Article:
Beyond them, the monitor beeped. It promised.
Natasha looked again through the glass, considering. "I hope you find what you are looking for," she said, the words soft. He would have had to have been listening closely to hear then as she turned away.
"And you as well, Natasha," he said as she took that first step away.
Her stride veered, just slightly. A second step, and her path was corrected. She kept to her course.
She walked on straight.
In the end, it took a day of searching, two days of travel, a lump sum of euros equal to a week's paycheck, and a bottle of Kauffman vodka before she walked away with her target in hand.
During the plane ride back to base, she sat quietly in her seat and stared at the card in her hands, her eyes captured by the smiling gaze of Steve Rogers. She looked the picture in the eye, having already looked upon the likeness and approved of its resemblance. The man on the card was honest and smiling, the captions boasting of one of the proudest days in American history – in world history, at that. The lines were straight and bold, a strength found and reflected in ink and card stock. The plastic coating protecting the card was thick under her hands. She would had to have pressed in order to bend it. When she tipped the card back and forth, the Captain's eyes were a too bright shade of blue. They caught the light, the glare from all blue sea of sky around the plane, and threw it back at her.
She could not tell if the eyes were an accurate resemblance.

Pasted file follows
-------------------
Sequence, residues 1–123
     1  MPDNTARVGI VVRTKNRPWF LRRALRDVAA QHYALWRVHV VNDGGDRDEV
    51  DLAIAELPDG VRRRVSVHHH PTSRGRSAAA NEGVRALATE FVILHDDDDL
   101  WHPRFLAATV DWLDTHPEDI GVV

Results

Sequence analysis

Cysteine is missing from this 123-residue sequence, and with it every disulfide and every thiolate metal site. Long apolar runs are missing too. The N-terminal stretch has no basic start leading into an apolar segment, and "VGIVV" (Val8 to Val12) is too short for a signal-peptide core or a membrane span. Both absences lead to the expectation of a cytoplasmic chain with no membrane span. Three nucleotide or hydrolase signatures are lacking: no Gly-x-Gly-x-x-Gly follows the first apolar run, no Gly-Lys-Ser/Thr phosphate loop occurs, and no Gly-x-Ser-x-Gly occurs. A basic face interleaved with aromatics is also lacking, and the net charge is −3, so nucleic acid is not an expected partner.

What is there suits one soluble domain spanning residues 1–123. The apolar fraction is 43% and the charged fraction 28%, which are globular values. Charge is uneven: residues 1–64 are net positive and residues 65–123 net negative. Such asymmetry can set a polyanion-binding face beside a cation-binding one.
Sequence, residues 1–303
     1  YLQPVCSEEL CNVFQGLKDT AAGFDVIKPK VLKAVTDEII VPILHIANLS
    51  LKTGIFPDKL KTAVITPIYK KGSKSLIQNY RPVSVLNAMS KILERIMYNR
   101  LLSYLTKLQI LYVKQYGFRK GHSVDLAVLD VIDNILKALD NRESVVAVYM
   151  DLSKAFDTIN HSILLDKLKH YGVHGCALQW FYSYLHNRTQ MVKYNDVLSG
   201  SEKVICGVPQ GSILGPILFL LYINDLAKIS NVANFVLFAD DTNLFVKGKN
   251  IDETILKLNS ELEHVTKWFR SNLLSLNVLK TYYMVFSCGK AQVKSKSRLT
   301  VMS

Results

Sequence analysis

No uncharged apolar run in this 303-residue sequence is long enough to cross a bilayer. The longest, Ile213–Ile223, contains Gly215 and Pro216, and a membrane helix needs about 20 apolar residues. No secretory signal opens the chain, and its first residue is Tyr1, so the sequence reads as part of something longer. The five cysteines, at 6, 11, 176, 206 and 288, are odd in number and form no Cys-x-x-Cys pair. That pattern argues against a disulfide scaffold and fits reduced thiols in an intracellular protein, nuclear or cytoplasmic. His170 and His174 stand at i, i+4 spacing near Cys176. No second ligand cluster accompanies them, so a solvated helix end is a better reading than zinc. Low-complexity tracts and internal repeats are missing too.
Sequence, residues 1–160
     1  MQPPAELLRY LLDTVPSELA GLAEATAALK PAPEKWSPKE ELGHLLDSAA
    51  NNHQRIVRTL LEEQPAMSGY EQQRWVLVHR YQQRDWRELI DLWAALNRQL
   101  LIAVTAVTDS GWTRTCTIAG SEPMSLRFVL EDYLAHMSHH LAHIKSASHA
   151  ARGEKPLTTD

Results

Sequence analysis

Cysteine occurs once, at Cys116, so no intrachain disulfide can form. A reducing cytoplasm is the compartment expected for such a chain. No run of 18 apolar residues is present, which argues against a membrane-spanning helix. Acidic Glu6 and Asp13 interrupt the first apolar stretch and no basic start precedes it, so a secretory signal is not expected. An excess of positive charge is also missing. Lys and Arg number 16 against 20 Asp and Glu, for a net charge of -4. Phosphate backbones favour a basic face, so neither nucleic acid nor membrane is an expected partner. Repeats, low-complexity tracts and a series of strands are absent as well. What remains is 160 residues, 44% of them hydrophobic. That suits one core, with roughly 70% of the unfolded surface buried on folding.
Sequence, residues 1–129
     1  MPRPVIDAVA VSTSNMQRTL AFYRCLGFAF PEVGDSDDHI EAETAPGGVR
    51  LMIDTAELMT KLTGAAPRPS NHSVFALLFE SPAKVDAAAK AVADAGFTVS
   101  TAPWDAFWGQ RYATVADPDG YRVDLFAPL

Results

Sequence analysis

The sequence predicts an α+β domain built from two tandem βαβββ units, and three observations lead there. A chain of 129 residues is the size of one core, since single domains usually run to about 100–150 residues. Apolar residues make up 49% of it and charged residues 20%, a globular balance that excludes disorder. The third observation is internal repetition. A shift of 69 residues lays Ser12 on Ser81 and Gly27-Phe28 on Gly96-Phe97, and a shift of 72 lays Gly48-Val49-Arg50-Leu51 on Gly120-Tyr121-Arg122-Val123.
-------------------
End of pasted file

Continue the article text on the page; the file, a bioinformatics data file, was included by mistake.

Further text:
He would have to open his own first.
She did not stand behind the glass that second time.
It was late in the day when she finally made her way through the grey halls to where Rogers was sleeping. The lights were half glowing in the dark, holding the shadows at bay but not eliminating them completely. This time, instead of observing as they had done the night prior, Phil Coulson was in the Captain's room, slouched in one of the hard plastic chairs that sat there for visitors. The pose was an odd one to her, and it took her a step into the room to realize that Coulson was sleeping. His head had slipped forward, and it rested on his fisted hand. His elbow was propped up on the arm of the chair, supporting his head at an awkward angle. He still had on his suit jacket and tie, but Natasha could not remember a time when she had seen him more at rest.
She bit her lip, considering.
When she finally walked forward, her step was silent, like a whisper across the floor. She placed the card down on the bedside table, right where it would be in his line of sight were he to awaken.
He still didn't open his eyes. Natasha breathed quietly, her eyes sharpening as she considered.
And then she turned to leave.
It wasn't from any sound she made, but she wasn't sure if it was Coulson's body protesting the way it had fallen asleep, or the long developed sixth sense that any agent who had lived that long developed over time. Either way, Coulson woke up right before she reached the door. She heard the change in his breathing, heard as it shifted from deep and steady to moderate and aware.
And then it hitched.
The door was only a few steps from her. She considered leaving, but that felt like a retreat as Coulson's too sharp eyes picked up on what she had left behind.
So, she stayed, her body taut upon her spot. Slowly, she turned towards him.
"I didn't mean to wake you," she said, not quite meeting his eyes. Instead, she watched the way he was holding the card. He held it like a traveler would hold a map that led their feet home. His hands tightened, they cherished in the way a pilgrim would hold a religious artifact at a shrine.